By Guest Contributor on January 24, 2019

    In this guest post, renowned fire historian Stephen Pyne reviews the history of wildland fires in the United States and the policies and strategies various agencies continue operating under before offering some recommendations for dealing with the issue. On May 19, 1780, the skies over New England darkened ominously as an immense pall of smoke…

  • October 15, 1934: Glued Laminated Timber Comes to America

    By Eben Lehman on October 15, 2018

    On October 15, 1934, workers broke ground for a new school gymnasium in Peshtigo, Wisconsin. To this day, this small city in the far northeast corner of Wisconsin remains best known for being totally consumed by a massive forest fire in 1871. The groundbreaking, while seemingly an unremarkable event, is another turning point in forest…

  • New Digital Exhibit: Pioneer Trail Riders of the Wilderness

    By Eben Lehman on August 17, 2018

    Recently FHS staff came across a scrapbook in our collection of American Forestry Association records. Its pages were filled with original photographs and documents from the American Forestry Association’s (AFA) first Trail Ride in July of 1933. The Trail Riders program was run by the AFA for over 50 years, from 1933 through 1988. Originally…

  • The Forest Service Faces a Century-old Call for Equality

    By James Lewis on May 7, 2018

    The following opinion piece by FHS historian James Lewis was originally published by High Country News on April 30, 2018, and is republished here in its entirety. The third applicant was “no gentleman,” the U.S. Forest Service ranger wrote to his boss, but would still make a first-class fire lookout on the remote Klamath National…

  • A Clear-eyed History of the Redwood Wars: A Review of the Book “Defending Giants”

    By James Lewis on March 29, 2018

    FHS historian James Lewis wrote this review of Defending Giants: The Redwood Wars and the Transformation of American Environmental Politics, by Darren Frederick Speece (Seattle: University of Washington Press, 2016) for Western Historical Quarterly. It was published in the October 2017 issue. The tallest species in the world, the redwood tree (sequoia sempervirens) is found in a narrow range…

  • “New Faces, Same Old Values”: Revisiting a History of Attitudes Towards Women in the Forest Service

    By James Lewis on March 9, 2018

    In light of the recent news about the systemic and system-wide problem of sexual harassment and misconduct throughout the U.S. Forest Service, and other federal land management agencies, it is useful to have some historical perspective. In short, this is not a recent problem. The following excerpt from my book The Greatest Good and the…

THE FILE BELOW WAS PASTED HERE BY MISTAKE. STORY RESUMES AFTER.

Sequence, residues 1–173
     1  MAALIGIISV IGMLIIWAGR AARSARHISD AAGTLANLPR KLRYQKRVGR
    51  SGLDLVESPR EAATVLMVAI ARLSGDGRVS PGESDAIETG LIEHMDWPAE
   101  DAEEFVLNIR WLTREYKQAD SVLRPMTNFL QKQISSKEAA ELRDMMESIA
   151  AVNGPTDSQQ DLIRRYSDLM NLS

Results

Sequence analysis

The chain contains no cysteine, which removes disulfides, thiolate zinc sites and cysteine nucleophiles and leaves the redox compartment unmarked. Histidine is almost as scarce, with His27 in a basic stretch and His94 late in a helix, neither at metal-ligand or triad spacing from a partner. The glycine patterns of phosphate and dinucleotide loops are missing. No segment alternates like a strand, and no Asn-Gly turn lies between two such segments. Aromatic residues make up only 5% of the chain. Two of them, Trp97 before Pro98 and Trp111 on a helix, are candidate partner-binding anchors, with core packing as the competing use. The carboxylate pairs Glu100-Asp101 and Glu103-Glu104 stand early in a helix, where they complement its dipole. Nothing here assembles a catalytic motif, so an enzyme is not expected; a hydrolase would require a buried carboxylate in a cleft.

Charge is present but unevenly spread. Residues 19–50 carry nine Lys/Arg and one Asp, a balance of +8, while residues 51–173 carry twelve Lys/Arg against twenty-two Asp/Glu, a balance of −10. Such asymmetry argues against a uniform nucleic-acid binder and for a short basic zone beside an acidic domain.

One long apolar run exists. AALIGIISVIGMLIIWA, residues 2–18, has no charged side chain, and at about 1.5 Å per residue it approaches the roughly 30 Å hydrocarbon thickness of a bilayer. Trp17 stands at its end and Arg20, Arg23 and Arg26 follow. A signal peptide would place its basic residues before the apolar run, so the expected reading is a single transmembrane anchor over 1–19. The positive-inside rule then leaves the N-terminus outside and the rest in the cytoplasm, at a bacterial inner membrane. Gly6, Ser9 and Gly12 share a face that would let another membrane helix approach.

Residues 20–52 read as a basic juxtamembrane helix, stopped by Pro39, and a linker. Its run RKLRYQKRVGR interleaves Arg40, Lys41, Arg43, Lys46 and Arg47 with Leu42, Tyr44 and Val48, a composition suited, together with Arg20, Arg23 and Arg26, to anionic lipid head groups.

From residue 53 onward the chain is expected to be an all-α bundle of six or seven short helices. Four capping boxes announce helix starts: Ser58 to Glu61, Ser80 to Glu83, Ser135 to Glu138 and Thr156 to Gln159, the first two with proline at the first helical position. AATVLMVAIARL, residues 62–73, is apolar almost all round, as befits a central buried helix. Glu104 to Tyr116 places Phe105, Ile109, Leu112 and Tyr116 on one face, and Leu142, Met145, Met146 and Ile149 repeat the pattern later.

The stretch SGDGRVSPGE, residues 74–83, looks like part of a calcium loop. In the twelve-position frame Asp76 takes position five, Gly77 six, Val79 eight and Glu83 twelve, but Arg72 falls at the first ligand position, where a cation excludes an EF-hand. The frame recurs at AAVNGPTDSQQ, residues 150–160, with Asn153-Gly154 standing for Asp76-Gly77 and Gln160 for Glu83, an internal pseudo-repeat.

• A Look Back at George Washington’s Birthday Trees

    By Eben Lehman on February 22, 2018

    “Ten million monuments to a great man!” So went the call out from Charles Lathrop Pack and the American Tree Association to the American public. The “great man” was George Washington and the year was 1932 – the bicentennial of Washington’s birth. Mired in the midst of the Great Depression, Americans were nonetheless still in the…

  • The Year When Turkeys Were Used to Fight Forest Fires

    By Eben Lehman on November 22, 2017

    There’s no better time than Thanksgiving week to look back at some of forest history’s famous turkeys. While we’ve previously looked at how turkeys changed forest history by upending timber policy in the 1960s, it’s due time to highlight a pair of birds. “Sir Keep Oregon Green” and “Chief No Fire” were two large 40-pound…

  • The Most Epic Forest History Road Trip Yet

    By James Lewis on November 21, 2017

    This post was first published in the Spring 2017 issue of Forest History Today, which was produced for the National Park Service’s centennial, as the “History on the Road” column. It’s been adapted for the blog to include more stops at places other than in national parks and seashores. Last fall, I took a leave of absence and…

  • Meet a Conservation Character: Rozzie the Rat

    By James Lewis on November 6, 2017

    Everyone knows Smokey Bear, Woodsy Owl, and maybe even Ranger Rick Raccoon. While there are many forest-related fictional characters that long ago fell by the wayside, new ones are appearing all the time. We thought we’d interview the people behind these new characters. In this first installment of our new series “Meet a Conservation Character,” we introduce…